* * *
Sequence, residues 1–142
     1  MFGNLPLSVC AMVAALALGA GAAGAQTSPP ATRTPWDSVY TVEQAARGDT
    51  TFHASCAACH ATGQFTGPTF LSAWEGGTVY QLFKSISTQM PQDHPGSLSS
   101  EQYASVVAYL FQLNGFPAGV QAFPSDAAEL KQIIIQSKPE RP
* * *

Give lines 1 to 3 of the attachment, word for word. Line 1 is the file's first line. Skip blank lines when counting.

Sequence, residues 1–142
     1  MFGNLPLSVC AMVAALALGA GAAGAQTSPP ATRTPWDSVY TVEQAARGDT
    51  TFHASCAACH ATGQFTGPTF LSAWEGGTVY QLFKSISTQM PQDHPGSLSS